tcpip_adapter_ip_info_t ip_info;
ESP_ERROR_CHECK(tcpip_adapter_get_ip_info(TCPIP_ADAPTER_IF_STA, &ip_info));
printf("IP Address:  %s\n", ip4addr_ntoa(&ip_info.ip));
printf("Subnet mask: %s\n", ip4addr_ntoa(&ip_info.netmask));
printf("Gateway:     %s\n", ip4addr_ntoa(&ip_info.gw));

When the connection is established, the main task prints out the network parameters (IP address, netmask and gateway). The TCPIP_ADAPTER_IF_STA constant represents (see tcpip_adapter.h) the network interface of the esp32 chip when working in station mode.

Here’s a screenshot of the program in execution:

esp32-wifi06

To make its output clearer, I turned off the default logging of the wifi driver with the instruction:

esp_log_level_set("wifi", ESP_LOG_NONE);

and disabled the buffering for the standard output:

setvbuf(stdout, NULL, _IONBF, 0);

14 Comments »

  1. rudi ;-) 16/01/2017 at 11:47 - Reply

    hi

    nice post!
    hope we read more of this art from you.

    best wishes
    rudi ;-)

    • luca 17/01/2017 at 14:00 - Reply

      Thanks Rudi, it’s great to read you here: I followed your posts on the official forum! I’m going to post a tutorial every week, a lot of peripherals in this little chip ;)

  2. Andrew 17/01/2017 at 02:18 - Reply

    Somehow your code from github doesn’t work on my ESP32. The program is simple and straightforward, thanks for all those details… but it throws ‘Guru Meditation Error of type LoadProhibited occurred on core 0. Exception was unhandled.’ My other WiFi programs work fine though.

    • luca 17/01/2017 at 13:55 - Reply

      Hi Andew… very strange: I’ve just compiled the example again and it runs fine on my ESP32 board. Are you using the release 1.0 of the framework or is it updated with the latest commits?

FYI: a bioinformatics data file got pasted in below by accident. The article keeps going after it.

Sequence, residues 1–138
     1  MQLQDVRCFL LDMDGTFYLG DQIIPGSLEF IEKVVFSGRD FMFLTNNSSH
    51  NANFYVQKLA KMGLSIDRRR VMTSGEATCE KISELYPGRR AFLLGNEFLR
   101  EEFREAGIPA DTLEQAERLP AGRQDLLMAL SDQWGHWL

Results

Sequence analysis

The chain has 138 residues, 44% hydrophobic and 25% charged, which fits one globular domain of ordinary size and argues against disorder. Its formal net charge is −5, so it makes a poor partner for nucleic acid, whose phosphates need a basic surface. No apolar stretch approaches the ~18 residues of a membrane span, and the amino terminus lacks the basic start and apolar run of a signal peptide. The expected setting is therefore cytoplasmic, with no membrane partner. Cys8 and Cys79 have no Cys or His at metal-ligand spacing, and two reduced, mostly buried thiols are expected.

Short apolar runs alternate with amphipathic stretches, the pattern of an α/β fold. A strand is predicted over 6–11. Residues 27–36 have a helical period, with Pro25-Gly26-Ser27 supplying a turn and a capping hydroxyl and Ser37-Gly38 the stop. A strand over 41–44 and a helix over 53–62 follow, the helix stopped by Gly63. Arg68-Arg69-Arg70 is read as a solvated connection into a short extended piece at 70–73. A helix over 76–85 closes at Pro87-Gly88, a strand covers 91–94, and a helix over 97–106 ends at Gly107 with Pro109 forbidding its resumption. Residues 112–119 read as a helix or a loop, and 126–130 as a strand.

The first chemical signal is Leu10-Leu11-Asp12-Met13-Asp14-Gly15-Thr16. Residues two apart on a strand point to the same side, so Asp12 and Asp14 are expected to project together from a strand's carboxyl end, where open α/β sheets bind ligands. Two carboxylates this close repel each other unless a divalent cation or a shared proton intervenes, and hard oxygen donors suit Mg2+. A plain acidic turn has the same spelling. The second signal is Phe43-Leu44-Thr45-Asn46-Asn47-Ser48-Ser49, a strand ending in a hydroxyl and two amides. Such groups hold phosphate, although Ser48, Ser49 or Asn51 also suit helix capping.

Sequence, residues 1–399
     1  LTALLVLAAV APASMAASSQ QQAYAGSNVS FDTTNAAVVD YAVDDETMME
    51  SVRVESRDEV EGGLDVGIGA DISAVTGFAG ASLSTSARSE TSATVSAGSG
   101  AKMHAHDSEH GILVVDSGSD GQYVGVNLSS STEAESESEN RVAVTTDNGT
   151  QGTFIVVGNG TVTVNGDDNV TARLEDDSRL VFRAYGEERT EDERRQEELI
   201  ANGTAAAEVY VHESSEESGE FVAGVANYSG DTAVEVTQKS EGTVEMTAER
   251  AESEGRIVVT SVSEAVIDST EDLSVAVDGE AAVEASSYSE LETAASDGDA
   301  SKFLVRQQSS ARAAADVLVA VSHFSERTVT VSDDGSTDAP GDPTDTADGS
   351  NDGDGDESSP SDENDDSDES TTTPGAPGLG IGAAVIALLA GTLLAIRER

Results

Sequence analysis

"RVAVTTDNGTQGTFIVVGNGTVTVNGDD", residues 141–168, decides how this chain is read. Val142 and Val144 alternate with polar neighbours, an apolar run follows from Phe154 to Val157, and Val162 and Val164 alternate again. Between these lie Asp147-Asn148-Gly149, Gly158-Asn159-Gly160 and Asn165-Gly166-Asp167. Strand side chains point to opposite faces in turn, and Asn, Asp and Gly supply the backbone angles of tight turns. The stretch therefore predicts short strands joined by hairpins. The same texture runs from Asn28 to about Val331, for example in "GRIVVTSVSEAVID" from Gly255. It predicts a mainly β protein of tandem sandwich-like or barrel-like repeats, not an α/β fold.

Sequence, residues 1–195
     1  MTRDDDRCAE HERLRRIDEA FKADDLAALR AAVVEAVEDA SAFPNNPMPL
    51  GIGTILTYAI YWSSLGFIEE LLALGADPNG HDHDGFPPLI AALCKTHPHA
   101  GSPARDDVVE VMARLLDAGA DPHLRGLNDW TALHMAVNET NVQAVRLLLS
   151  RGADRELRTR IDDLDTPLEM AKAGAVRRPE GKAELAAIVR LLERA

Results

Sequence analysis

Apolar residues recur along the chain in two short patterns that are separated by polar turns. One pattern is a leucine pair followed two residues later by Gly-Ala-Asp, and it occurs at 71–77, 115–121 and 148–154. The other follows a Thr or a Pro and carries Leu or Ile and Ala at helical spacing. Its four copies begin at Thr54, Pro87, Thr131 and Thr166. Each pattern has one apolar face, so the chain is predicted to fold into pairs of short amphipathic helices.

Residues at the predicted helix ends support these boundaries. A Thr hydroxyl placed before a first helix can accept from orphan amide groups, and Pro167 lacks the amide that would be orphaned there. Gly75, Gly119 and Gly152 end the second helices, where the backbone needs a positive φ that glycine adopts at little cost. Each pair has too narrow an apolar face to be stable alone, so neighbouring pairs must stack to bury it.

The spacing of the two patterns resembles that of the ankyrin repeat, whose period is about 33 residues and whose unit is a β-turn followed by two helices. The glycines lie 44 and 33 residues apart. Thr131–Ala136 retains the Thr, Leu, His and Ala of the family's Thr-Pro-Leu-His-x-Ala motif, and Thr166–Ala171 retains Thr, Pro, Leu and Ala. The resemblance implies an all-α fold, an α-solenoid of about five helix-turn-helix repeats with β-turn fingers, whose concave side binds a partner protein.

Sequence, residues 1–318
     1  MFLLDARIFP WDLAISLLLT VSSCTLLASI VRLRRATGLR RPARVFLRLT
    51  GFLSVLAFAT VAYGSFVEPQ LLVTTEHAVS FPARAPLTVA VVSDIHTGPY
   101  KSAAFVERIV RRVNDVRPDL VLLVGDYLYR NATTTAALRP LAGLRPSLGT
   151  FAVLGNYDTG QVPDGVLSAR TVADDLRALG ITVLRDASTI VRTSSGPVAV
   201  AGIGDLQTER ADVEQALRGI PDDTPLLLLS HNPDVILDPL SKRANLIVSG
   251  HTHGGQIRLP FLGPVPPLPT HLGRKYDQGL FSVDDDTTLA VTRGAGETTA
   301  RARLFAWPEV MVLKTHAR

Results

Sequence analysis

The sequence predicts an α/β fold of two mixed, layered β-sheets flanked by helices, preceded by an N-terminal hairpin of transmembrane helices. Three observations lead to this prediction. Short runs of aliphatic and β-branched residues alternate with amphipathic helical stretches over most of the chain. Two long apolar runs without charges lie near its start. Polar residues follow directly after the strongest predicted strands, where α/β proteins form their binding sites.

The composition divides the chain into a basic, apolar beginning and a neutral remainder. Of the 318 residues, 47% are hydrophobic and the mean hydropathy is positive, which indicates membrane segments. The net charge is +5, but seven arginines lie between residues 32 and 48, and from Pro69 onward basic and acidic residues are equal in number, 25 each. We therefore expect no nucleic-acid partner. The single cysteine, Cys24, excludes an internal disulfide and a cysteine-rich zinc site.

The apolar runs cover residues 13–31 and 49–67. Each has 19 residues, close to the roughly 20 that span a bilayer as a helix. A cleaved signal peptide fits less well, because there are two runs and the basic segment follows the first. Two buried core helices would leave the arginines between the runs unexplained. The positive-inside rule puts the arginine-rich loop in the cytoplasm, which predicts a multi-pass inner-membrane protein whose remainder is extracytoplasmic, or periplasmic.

• lind 26/04/2017 at 12:07 - Reply

      Hi, I had the same problem, commenting the line :
      //setvbuf(stdout, NULL, _IONBF, 0);
      solved the problem for me

      • luca 26/04/2017 at 12:57 - Reply

        Thanks! It solved also for me… I’m going to fix all the examples in the repository

  3. Rodolfo 24/05/2017 at 13:46 - Reply

    Hello Luca,

    Thank for your guides! I’m planning to follow them all :)

    I’m having a problem with this one. I downloaded your code from Github and I have the following errors:

    const int CONNECTED_BIT = BIT0; // BIT0 could not be resolved

    tcpip_adapter_ip_info_t ip_info; // tcpip_adapter_ip_info_t could not be resolved

    I tried including #include “tcpip_adapter.h” (Path and Symbols, GNU C, add the folder tcpip_adapter under components) and adding a #include “tcpip_adapter.h” in the main. But the include is also not resolved.

    I tried also rebuilding the index. But still the same problem.

    Any advice? Thanks!!

    • luca 25/05/2017 at 15:02 - Reply

      Hi Rodolfo, this is strange… I can compile the example with the latest framework. For example I include esp_event_loop.h, which includes esp_event.h which includes tcpip_adapter.h that defines tcpip_adapter_ip_info_t. Are you sure your esp-idf repository is updated and complete?

      • Rodolfo 29/05/2017 at 10:09 - Reply

        Now it’s even stranger. I erased part of the code that was directly using tcpip functions and left esp_event_loop. Now it compiles… When seeing esp_event.h, there is a warning saying that the include is not found. But it’s not an error. I’m using the latest esp-idf on OSX. Maybe it’s a good idea to reinstall everything again. Will keep you posted. Thanks

  4. Kartik Sikka 22/07/2017 at 16:59 - Reply

    Hi luca ,
    I have been reading your posts on ESP 32 , they are amazing .

    I have one question that , form where do you collect the info to write the code ?

    I want to write my own code for ESP 32 for some application , How do I proceed ?

    • luca 24/07/2017 at 09:15 - Reply

      Hi, my sources are the official documentation, the official forum (esp32.com) and many tutorials/videos other makers publish everyday on the Internet!

  5. Emilio 15/09/2017 at 09:23 - Reply

    Hi,
    congrats for the great job and your dedication to this!!
    I guess the code should compile using Arduino IDE, if so, it halts in setup() at “configure the wifi connection and start the interface” with error: C99 designator ‘ssid’ outside aggregate initializer.
    The only thing I did is copy/paste in the IDE added void loop() and changed the main to setup().
    Is it correct?
    Thanks again.

    • luca 16/09/2017 at 15:58 - Reply

      Hi Emilio, this code (and in general my tutorials) are not meant to be used with Arduino IDE but with the official esp-idf framework.